Text-To-Speech conversion in Python

In this tutorial, we’ll be learning about Text-To-Speech(TTS) conversion using a Python library named pyttsx3. We’ll write a message which our System will speak. This library has many advantages as it can work offline too, with no or very little delay in getting a response and it is compatible with both python 2 and python 3. So let us start learning, Firstly with the installation process.

Installing pyttsx3

Open your command prompt and type the following command.

pip install pyttsx3

This library is dependent on win32 for which we may get an error while executing the program. To avoid that simply install pypiwin32 in your environment.

pip install pypiwin32

We are done with our installation part and let’s move to write our first Text-To-Speech or TTS code.

Moving forward with pyttsx3: Text to speech

Go through the code below which is self-explanatory.

import pyttsx3    # importing the library

def my_speak(message):

    engine = pyttsx3.init('sapi5')
    # initialize the voice engine which will use the mentioned driver
    # other drivers supported 'nsss', 'espeak'

    voices = engine.getProperty('voices')
    # get the current value of the propery 
    # like voices, voice, rate, volume

    for voice in voices:
    # to get the info. about various voices in our PC 
       print("Voice:")
       print("ID: %s" %voice.id)
       print("Name: %s" %voice.name)
       print("Age: %s" %voice.age)
       print("Gender: %s" %voice.gender)
       print("Languages Known: %s" %voice.languages)

       engine.setProperty('rate',250) 
       # set specific attributes to voice like voice.id, rate, volume.
       # voice.id[0] will corresponds to first voice 
       # voice.id[1] will corresponds to second voice and so on.
       # rate is the no. of words/minute in integer.default is 200.

    engine.say('{}'.format(message))
    # say() to make the PC speak.

    engine.runAndWait()
    # run the event loop untill the completion of the text message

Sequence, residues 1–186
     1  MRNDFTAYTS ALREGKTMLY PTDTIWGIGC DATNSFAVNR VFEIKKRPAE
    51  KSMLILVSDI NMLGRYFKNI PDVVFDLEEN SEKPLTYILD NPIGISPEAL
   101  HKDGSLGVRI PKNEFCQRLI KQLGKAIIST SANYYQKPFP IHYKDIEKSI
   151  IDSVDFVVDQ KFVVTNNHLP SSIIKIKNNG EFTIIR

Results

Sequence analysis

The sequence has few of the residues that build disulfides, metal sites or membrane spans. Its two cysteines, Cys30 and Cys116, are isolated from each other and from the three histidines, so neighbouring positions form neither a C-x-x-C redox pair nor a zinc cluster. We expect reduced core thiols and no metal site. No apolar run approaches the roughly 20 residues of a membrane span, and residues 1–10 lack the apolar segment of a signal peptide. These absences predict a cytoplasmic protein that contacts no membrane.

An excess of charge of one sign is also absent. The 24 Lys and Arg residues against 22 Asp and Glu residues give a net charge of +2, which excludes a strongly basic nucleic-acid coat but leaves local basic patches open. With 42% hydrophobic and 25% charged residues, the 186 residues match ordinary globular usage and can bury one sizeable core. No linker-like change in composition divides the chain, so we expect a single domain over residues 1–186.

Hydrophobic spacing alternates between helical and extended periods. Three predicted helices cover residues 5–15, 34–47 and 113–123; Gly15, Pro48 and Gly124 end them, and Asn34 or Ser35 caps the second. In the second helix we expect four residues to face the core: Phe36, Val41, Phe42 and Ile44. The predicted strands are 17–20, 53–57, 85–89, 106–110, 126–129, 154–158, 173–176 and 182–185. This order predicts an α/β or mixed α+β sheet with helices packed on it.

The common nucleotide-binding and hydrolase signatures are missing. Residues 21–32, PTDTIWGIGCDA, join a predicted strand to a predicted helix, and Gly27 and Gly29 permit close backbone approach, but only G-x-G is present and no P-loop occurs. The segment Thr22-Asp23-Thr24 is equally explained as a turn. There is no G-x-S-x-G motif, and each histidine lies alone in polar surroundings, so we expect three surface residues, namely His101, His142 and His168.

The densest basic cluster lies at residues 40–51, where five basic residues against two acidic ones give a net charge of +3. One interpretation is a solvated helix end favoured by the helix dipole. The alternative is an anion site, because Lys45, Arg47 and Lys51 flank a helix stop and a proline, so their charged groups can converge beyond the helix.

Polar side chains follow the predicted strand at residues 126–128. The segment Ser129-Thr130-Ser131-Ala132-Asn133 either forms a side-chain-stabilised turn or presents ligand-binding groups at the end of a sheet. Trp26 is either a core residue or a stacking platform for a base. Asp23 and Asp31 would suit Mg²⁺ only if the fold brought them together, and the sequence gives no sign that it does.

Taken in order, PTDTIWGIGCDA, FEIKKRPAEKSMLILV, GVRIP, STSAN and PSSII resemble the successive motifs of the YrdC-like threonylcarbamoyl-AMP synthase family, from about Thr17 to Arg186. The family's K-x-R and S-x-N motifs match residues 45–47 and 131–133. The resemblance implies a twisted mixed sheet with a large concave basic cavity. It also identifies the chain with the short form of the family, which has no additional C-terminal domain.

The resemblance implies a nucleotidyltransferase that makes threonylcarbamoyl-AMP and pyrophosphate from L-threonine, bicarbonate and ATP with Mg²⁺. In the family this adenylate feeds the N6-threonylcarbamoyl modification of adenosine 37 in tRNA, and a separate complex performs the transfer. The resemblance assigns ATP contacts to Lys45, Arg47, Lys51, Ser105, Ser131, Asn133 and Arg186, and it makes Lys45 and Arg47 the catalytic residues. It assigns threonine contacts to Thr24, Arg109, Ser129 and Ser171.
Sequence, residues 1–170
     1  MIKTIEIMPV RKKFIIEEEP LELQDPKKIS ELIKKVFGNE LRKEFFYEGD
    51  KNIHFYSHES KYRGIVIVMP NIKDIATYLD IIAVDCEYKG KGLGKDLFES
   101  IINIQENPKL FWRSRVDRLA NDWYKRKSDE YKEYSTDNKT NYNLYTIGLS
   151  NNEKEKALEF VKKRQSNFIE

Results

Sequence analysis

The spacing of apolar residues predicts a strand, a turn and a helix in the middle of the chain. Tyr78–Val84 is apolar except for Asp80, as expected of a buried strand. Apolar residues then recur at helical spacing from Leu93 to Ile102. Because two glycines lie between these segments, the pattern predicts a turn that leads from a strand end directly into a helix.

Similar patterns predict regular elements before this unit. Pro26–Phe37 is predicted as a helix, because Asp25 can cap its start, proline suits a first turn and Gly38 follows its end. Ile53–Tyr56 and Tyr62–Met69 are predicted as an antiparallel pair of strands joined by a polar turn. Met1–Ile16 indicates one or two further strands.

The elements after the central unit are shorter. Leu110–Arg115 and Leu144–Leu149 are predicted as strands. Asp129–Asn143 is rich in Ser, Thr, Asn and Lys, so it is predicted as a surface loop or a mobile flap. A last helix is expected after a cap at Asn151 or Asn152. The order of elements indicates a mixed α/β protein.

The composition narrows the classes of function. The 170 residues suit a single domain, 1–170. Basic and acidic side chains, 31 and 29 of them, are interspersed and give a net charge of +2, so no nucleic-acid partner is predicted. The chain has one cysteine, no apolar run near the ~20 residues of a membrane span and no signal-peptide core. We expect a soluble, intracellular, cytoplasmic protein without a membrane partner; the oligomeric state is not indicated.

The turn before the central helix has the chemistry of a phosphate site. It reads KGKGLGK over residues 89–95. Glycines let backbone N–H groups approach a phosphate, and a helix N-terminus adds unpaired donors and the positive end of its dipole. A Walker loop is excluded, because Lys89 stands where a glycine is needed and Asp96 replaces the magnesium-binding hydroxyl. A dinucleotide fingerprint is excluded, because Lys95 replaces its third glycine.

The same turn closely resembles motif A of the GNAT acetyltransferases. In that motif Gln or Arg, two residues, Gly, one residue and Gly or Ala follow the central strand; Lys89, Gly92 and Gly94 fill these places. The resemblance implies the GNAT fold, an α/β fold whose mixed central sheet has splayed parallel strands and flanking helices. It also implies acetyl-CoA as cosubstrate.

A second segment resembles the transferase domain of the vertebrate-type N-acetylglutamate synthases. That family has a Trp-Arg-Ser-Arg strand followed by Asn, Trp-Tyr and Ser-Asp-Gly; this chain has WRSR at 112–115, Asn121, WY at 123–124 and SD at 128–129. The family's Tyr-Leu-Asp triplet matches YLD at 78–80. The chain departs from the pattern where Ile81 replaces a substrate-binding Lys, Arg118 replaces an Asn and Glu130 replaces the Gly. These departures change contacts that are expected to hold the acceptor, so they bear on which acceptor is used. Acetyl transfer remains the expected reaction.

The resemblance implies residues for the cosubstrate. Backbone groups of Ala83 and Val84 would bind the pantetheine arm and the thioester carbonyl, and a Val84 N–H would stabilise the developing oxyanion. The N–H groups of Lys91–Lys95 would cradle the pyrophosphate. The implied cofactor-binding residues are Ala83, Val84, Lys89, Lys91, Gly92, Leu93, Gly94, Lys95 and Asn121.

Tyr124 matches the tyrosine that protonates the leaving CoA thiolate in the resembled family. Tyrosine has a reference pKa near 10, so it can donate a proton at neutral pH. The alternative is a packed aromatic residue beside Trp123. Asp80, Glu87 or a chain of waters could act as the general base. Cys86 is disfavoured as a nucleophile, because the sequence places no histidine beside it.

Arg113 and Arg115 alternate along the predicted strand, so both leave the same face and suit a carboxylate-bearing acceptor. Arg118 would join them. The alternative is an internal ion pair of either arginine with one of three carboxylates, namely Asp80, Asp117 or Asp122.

message=input("Enter your message : ")
# Enter the text we want PC to speak

my_speak(message)
# calling the function we have created
# with our message as an argument

These are some important commands of pyttsx3

  1. pyttsx3.init(driver_name) – It will initialize our TTS engine which will use one of the drivers mentioned below.
    • sapi5 – on Windows
    • nsss – on Mac OS X
    • espeak – on Ubuntu and others.
  2. getProperty(property_name) – This will return the value of the property_name of the voice and using this command we can also get the details of various voices in our system(shown in code using for loop).
  3. setProperty(‘property_name’, value) – This command is very useful in case we want to change the voice, the speed of speech and the volume of speech.
  4. say() – The text given to this function is the one which will be spoken by our system.
  5. runAndWait() – This function is very necessary because it prevents our engine to stop until the whole message is spoken.

Output

Text-To-Speech conversion in Python

In the output, we can see that I have 2 voices named HAZEL and ZIRA on my PC supporting the English Language with Great Britain and the United States accent respectively. We want you to try this library and find out which languages are present on your system.

More with speech to text

We can use text-to-speech conversion in our projects and can also combine with speech recognition to make some fully voice-controlled systems. We recommend going through the tutorial below to know about speech-recognition.

Get voice input with microphone in Python using PyAudio and SpeechRecognition

That’s all for this tutorial. We hope you like this tutorial and if you have any doubts, feel free to leave a comment below.

Learn more with us:

Voice Command Calculator in Python using speech recognition and PyAudio

Find all the microphone names and device index in Python using PyAudio

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